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You need taxi? South-east Asia’s airports still lack city train links

In World
April 02, 2024

To some, it’s part of the allure of travelling in South-east Asia: hustling and haggling with a taxi driver at the door of an airport.

To anyone bleary-eyed and jet-lagged and already leaching sweat as the air-conditioned terminal gives way to a scorching blast of heat and humidity, it’s probably the last thing wanted after a gruelling flight.

But for arrivals to some of the region’s more popular hubs, such as Ngurah Rai, the airport on Bali, there is no alternative given the lack of rail options.

According to a new report by the Singapore University of Technology and Design’s Aviation Studies Institute (ASI), only around 1% of the region’s 800 million air passengers can commute by rail from airport to city.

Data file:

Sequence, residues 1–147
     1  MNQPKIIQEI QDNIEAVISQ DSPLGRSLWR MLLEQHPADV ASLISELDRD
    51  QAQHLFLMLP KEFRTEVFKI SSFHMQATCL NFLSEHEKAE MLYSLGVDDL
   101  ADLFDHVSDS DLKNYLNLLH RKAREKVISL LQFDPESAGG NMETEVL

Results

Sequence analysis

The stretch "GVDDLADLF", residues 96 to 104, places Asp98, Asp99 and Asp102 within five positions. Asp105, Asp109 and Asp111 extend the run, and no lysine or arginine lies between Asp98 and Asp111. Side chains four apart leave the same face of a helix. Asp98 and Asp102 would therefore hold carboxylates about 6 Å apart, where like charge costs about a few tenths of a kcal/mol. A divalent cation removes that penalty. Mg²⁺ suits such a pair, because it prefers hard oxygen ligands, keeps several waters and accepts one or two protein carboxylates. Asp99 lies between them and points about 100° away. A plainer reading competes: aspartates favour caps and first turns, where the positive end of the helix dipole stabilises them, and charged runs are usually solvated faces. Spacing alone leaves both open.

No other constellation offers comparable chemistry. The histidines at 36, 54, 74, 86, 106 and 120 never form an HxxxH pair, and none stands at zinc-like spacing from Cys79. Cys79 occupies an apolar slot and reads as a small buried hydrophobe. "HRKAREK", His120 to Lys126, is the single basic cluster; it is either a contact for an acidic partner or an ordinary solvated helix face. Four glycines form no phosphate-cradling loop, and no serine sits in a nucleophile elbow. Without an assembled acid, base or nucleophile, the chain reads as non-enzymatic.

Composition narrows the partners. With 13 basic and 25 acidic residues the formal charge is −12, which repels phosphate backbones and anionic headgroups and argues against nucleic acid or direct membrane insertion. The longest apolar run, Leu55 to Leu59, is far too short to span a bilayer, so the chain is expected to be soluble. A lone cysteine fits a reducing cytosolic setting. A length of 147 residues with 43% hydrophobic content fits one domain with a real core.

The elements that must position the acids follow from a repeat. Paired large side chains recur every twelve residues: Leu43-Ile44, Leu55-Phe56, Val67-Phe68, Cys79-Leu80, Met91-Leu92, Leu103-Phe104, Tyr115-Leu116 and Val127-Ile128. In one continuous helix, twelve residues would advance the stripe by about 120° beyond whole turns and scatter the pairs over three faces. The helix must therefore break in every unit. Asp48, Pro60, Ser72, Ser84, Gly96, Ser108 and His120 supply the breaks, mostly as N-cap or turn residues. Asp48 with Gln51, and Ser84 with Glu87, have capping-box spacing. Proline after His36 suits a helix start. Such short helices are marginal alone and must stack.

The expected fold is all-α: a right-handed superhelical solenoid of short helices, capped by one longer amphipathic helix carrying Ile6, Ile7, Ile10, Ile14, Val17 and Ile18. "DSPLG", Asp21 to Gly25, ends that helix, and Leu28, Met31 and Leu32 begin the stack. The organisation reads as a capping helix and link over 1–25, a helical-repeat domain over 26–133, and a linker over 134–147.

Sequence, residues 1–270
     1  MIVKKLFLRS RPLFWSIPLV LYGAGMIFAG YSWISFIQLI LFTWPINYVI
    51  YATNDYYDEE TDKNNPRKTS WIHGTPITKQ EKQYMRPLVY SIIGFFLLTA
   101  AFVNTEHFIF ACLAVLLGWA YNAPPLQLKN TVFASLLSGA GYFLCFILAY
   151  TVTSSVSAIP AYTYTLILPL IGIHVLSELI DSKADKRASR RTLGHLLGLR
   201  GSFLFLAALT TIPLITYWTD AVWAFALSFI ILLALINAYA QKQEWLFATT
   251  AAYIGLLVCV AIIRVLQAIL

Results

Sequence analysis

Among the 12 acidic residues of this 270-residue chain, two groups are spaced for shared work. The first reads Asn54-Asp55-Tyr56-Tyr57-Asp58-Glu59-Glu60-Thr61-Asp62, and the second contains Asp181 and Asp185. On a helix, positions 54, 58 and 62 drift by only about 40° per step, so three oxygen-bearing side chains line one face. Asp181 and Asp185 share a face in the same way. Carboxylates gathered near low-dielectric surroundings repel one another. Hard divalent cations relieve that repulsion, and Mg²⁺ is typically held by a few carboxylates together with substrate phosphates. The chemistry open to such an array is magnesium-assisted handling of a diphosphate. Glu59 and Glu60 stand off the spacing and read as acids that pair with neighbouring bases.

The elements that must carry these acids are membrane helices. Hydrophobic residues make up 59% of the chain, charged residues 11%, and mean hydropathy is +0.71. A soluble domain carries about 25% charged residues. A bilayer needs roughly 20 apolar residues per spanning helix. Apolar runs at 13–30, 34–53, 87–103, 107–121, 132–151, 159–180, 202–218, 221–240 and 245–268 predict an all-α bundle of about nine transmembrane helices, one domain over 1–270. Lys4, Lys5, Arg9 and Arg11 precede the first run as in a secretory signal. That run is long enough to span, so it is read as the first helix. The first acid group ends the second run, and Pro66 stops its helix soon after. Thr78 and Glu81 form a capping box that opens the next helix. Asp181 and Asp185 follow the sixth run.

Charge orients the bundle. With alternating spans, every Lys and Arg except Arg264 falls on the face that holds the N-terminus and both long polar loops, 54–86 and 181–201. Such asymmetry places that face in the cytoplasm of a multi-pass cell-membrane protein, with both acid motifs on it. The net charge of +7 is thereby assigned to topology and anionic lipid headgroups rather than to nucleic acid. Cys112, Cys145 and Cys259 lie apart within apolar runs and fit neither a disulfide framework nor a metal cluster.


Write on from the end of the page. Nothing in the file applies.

While the region’s four biggest and busiest airports – Singapore Changi, Bangkok Suvarnabhumi, Kuala Lumpur International and Jakarta Soekarno-Hatta – have trains taking passengers to the heart of the cities, travellers to Manila, Hanoi, Ho Chi Minh City, Penang and Phnom Penh face getting stuck in heavy traffic while heading from airport to hotel.

Of the region’s 24 large or medium-sized airports, just seven have train links, while connectivity is further impeded, according to the ASI, as the dozen airport trains across the region often terminate at different downtown stations to those that have long-distance or inter-city trains to elsewhere in the country.

Even new rail connections in Laos and the Jakarta-Bandung line Indonesia – the latter the region’s first high-speed rail link – do not connect to airports, the ASI said.

For arrivals in Manila, as with most other air travel hubs in South-east Asia, there is no direct train from the airport to the city. Alejandro Ernesto/dpa

For arrivals in Manila, as with most other air travel hubs in South-east Asia, there is no direct train from the airport to the city. Alejandro Ernesto/dpa

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